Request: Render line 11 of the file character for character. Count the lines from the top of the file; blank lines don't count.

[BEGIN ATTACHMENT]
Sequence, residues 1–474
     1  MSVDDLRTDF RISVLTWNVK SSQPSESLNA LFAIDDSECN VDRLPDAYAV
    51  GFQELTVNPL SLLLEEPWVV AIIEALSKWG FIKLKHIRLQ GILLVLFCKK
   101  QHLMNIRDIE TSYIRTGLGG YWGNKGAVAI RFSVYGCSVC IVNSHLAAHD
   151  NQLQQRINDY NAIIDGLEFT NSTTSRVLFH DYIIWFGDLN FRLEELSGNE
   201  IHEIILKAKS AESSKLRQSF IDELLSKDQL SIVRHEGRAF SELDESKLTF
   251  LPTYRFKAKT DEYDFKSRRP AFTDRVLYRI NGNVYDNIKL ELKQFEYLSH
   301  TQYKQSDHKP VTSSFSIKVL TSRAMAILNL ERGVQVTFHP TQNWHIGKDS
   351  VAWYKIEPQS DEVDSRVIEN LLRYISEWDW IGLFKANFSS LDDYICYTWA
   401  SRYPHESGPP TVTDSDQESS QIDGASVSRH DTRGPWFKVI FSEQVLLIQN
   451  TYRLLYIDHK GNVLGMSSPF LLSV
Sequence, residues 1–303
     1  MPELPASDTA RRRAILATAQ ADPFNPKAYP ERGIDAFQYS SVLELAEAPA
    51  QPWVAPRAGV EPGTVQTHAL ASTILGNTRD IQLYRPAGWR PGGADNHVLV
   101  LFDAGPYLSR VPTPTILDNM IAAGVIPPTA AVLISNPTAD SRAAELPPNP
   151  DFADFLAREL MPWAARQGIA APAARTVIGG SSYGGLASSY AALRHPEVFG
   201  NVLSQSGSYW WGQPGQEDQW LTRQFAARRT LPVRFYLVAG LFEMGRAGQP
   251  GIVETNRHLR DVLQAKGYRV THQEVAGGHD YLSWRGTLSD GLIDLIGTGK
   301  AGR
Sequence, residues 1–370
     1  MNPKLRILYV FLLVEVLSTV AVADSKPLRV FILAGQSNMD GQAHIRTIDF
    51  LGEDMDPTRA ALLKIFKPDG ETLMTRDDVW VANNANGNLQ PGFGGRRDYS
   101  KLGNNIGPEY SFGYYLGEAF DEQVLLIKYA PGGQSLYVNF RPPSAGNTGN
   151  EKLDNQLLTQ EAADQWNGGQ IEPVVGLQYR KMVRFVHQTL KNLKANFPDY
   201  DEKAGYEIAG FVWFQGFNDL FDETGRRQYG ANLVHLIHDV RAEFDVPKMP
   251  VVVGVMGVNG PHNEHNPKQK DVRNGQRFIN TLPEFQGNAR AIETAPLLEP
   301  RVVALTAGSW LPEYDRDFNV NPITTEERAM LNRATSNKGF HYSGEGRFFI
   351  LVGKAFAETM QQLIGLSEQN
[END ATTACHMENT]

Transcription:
   451  TYRLLYIDHK GNVLGMSSPF LLSV